Friday, August 20, 2010

Basic Content Marketing Trumps Social Media and Blogs

Although a lot of attention is being paid by B2B marketers to Social Media and Blogs as a way to connect with and engage prospective buyers, research by IDG and MarketingSherpa indicate that more traditional promotional and research oriented content marketing is more effective.

Surveying buyers and B2B marketers about specific factors that motivate recipients to opt-in, open and engage with vendors, MarketingSherpa and IDG show that Social Media and blog content lag considerably behind other marketing tools, particularly promotional and education content, tutorials / demos, competitive comparisons and buying guides, free research reports and peer best practice / benchmarking tools.

By what percentage does each of the following offer types increase the likelihood of link to additional information and insight being clicked on:

Driven by austerity and information overload, today’s frugal buyers are looking for high value communications, those that can help them cut through the clutter of options, better understand issues and opportunities, discover best practices, save money, improve the bottom-line and gain a competitive edge. Frugalnomics reigns, and marketers realize they need to make a clear connection with buyers needs and add value to each communication if they expect a connection / response.

Reviewing this research and delivering advice on the six habits of highly effective marketers, “Done right, you can leverage powerful Internet tools to attract pre-interested and pre-motivated prospects that are ready to buy and start a business relationship with you.” States Eric Tsai,Web Strategist / Marketing Coach. “Not only will you be perceived as an influential authority but you will gain credibility and trust without having to convince people to buy your product.”

Too often, product focused markets deluge customers with solution information without asking prospects what they “think they want” that can solve their problems and as a result, the prospect connection is not made. “Imagine a doctor telling you what’s wrong with you by just looking at you from a distance” Posits Mr. Tasai, “Even if the doctor has the correct diagnose, would you trust their advice? Great marketers know that they don’t know what they don’t know. They ask questions and dig deeper below the surface to identity the pain, urgency and frustration of their customers.” Traditional Product Selling just doesn't work anymore.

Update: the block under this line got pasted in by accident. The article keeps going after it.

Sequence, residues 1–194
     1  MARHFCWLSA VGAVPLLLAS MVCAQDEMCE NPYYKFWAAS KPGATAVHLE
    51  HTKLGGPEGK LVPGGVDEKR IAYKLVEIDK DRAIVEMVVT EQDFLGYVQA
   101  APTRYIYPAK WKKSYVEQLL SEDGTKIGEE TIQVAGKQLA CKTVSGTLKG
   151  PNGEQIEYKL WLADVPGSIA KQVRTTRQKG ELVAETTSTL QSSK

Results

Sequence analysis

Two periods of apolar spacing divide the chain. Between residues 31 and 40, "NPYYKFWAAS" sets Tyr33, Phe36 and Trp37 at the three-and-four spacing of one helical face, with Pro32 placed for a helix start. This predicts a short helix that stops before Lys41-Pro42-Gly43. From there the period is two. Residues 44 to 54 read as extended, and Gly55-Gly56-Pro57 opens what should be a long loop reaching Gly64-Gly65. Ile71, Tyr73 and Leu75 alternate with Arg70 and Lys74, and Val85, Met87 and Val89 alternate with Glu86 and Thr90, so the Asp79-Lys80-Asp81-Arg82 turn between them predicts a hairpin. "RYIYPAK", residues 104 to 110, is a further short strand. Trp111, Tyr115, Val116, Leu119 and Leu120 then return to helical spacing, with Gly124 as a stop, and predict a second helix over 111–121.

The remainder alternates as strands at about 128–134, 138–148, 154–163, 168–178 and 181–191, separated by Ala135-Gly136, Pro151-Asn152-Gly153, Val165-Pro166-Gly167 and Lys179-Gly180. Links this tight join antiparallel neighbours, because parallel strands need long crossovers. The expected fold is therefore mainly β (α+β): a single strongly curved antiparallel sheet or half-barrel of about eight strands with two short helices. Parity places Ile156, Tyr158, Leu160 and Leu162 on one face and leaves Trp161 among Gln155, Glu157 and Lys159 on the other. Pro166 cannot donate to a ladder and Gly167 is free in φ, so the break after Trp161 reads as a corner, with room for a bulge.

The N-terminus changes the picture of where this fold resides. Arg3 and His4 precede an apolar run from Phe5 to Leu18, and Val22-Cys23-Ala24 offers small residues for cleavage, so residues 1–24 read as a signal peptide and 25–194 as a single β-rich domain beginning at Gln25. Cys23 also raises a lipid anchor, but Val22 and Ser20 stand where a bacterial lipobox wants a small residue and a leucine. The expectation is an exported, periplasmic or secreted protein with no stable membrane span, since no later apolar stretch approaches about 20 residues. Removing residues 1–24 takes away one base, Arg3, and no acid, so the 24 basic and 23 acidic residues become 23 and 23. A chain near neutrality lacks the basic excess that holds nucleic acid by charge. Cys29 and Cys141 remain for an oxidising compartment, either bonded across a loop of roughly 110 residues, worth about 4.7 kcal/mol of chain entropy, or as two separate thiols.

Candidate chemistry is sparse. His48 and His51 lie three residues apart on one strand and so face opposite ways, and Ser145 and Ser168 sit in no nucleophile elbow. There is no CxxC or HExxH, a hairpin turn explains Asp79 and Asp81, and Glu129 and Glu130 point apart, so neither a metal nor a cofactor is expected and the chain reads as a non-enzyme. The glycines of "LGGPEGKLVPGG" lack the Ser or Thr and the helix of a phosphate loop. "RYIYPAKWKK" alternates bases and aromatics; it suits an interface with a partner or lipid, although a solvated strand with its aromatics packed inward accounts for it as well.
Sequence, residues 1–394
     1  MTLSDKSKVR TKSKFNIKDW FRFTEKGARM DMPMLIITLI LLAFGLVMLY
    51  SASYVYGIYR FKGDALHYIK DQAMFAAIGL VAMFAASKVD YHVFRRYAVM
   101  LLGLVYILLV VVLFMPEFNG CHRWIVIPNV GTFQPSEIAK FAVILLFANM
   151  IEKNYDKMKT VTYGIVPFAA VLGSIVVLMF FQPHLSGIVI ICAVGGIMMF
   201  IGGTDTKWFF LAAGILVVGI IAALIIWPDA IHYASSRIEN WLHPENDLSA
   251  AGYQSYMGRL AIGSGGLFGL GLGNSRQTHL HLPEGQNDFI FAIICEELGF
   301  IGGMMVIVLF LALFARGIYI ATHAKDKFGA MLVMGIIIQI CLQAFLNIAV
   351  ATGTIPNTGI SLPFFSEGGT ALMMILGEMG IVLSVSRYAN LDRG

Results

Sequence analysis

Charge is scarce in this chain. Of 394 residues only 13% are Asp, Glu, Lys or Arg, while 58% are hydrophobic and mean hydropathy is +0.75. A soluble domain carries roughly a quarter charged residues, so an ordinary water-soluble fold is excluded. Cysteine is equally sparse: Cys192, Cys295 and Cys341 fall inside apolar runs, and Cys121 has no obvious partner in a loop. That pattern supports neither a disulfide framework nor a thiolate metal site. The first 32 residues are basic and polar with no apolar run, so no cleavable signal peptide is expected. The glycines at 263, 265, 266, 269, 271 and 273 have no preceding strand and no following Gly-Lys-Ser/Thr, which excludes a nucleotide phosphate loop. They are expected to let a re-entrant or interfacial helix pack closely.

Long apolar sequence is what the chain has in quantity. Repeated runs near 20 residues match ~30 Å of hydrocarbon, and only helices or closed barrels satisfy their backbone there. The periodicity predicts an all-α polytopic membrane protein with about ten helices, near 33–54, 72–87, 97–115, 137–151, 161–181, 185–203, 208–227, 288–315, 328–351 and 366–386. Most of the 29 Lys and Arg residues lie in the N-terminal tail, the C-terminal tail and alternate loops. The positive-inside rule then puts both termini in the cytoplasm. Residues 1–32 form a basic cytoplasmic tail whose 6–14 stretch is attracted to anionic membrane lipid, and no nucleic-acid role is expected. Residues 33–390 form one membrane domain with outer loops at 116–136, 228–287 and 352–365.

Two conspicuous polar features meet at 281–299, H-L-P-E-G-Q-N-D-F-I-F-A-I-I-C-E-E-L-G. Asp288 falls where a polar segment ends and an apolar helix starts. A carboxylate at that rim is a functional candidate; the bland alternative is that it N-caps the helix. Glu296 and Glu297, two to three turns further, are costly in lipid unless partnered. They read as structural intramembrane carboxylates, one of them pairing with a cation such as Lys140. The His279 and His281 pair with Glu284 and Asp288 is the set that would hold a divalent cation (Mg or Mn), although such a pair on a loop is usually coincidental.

Leading B2B marketers have recognized this issue, and many have evolved their legacy product focus approach to Solution Selling, creating a dialogue for prospects to communicate their issues, and attempting to align solutions with pain points.

However, we find that the new era of Frugalnomics has created a fundamental change, and that the Solution Selling approach is struggling in the face of too much information and too few customer resources to understand pain points.

Today’s buyers are looking for advice from vendors on what opportunities exist and what issues to solve – they need help identifying the problems to solve, not just what solutions to consider.

The Bottom-Line
Our recommendation to Fight Frugalnomics is to move from Solution Selling to Value Selling, providing research and tools that help customers early in the buying lifecycle to diagnose and prioritize opportunities and issues. Two Alinean recommendations to implement Value Selling and drive consultative diagnosis:

Executive Assessment Tools, which survey customers on current practices and compare against best practices / peers to uncover best practices which have not yet been implemented and prioritize these versus goals and competitive advantage. For example, the B2B solution provider could provide an on-line self service tool to survey prospects on their current IT security practices against known best practices to uncover potential risk areas and determine a roadmap for improvement. The tool would not only recommend solutions to solve the issues, but more importantly identify key issues the customer didn’t even know they had.

Benchmarking Tools, to assess current spending and process efficiencies and effectiveness, comparing against peers and leaders to help uncover opportunities for savings / improvements. For example, a B2B vendor could survey a customer via an on-line self service tool on their current customer service metrics and performance, uncovering potential issues in call frequency, escalation rates, time per call or satisfaction by benchmarking the metrics vs. leaders and best practices.

Additional advice can be found at: The Six Habits of Highly Effective Marketers by Eric Tsai, Web Strategist / Marketing Coach: http://designdamage.com/blog/index.php/201008/the-6-habits-of-highly-effective-marketers/

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